Commissioners were enthusiastic about the architecture and backed the plans for 800 South Western Avenue in a 6-2 vote last week, with commissioner Dana Perlman calling it a “really good looking project.”
“I look at a lot of the projects coming before us today, and I wish some of them would consult with this architect,” Perlman said. “They hit it out of the park.”
Architect Eric Olsen says his firm, TCA Architects, set out to design a “cosmopolitan” and “exciting mixed use project … that is reminiscent of the [neighborhood’s] culture.”
The plans from developer Western Plaza Capital Holding, LLC call for two new buildings, one that rises to 12 stories and the other to three stories. At the “heart” of the development, Olsen says, is an old, four-story Art Deco building distinguished by its pilasters, zigzags, and chevrons.
It was once used as a parking garage and service station, but it’s known today as IB Plaza, and it still houses parking spaces, plus about a half-dozen Korean businesses, including a massage parlor and a restaurant.
Designed by Morgan, Walls, and Clements, it was built at a time when “Wilshire Boulevard and Western Avenue were one of the busiest intersections in the world,” according to a report on the property’s history prepared for the developer.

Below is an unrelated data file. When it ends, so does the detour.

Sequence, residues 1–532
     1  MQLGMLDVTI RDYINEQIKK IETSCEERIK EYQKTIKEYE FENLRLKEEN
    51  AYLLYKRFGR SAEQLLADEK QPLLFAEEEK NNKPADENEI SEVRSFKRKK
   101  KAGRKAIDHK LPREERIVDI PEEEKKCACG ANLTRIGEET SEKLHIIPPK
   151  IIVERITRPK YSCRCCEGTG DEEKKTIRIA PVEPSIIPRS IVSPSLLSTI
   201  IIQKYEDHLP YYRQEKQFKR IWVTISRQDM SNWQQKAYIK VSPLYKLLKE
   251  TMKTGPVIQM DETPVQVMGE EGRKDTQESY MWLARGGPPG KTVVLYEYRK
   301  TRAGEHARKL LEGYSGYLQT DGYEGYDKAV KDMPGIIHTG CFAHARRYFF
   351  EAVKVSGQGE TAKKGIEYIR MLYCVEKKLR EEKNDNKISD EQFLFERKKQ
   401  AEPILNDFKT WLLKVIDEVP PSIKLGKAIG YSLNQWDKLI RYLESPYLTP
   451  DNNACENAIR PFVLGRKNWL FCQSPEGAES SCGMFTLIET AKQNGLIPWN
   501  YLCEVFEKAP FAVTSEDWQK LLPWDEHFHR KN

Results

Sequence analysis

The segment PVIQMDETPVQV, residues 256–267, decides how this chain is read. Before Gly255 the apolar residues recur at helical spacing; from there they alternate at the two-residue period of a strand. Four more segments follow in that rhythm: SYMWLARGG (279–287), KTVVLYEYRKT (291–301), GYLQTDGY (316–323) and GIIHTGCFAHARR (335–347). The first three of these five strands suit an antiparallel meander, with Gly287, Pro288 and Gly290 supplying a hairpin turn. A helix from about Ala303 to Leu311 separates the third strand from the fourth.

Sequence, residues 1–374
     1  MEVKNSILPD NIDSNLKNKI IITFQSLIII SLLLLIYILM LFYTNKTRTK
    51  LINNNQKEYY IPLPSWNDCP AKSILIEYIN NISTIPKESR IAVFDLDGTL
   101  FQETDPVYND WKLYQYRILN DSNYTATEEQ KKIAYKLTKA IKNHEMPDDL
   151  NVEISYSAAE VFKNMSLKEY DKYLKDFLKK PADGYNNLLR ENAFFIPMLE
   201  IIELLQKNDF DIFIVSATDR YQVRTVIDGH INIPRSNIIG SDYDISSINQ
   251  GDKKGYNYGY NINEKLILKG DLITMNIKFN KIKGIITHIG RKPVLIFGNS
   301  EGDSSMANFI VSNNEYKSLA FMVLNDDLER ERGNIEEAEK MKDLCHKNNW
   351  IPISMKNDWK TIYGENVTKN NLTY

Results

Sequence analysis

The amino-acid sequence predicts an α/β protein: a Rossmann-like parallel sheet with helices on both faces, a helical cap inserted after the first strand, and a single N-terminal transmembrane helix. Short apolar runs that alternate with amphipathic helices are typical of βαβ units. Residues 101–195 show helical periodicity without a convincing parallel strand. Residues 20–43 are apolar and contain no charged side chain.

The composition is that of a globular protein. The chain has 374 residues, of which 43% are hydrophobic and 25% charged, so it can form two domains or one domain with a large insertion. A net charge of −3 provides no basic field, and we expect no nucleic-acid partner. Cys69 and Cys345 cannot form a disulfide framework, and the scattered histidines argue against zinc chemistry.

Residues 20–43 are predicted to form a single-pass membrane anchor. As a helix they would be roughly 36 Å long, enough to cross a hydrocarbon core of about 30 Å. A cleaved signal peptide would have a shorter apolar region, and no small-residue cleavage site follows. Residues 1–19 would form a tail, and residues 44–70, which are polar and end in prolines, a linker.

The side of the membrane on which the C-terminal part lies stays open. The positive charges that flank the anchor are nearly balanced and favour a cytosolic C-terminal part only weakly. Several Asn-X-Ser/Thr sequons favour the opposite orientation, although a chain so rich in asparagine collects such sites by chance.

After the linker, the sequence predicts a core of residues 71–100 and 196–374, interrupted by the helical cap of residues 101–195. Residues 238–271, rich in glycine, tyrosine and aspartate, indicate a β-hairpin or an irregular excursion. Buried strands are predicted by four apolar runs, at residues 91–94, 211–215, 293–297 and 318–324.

The structure was called the Pellissier Square Garage, named after the woman who commissioned it, Marie Julie Pellissier. She and her husband, Germaine Pellissier, were major landowners and developers in the Wilshire area in the late 1800s and early 1900s.
After his death in 1908, she commissioned the garage—and the iconic Wiltern Theater. (According to the LA Weekly, it was Marie Julie Pellissier who chose the theater’s “distinctive blue-green glazed terra-cotta tile ... as a reminder of the green pastures that previously covered the land.”)
Plans and renderings show the former garage will be preserved as a retail center with “a new paint finish.” The new buildings will house 148 hotel rooms and 96 apartments, at least four of which will be affordable for low-income tenants.
The Planning Commission’s vote serves as a recommendation to the City Council, which will have the final say on the project. In backing the project, commissioners recommended the City Council require the developer to double the number of affordable units.
“Four [affordable] units at this lovely project is insufficient,” said commission president David Ambroz. (Perlman ultimately cast one of the two dissenting votes, because he opposed increasing the amount of affordable housing).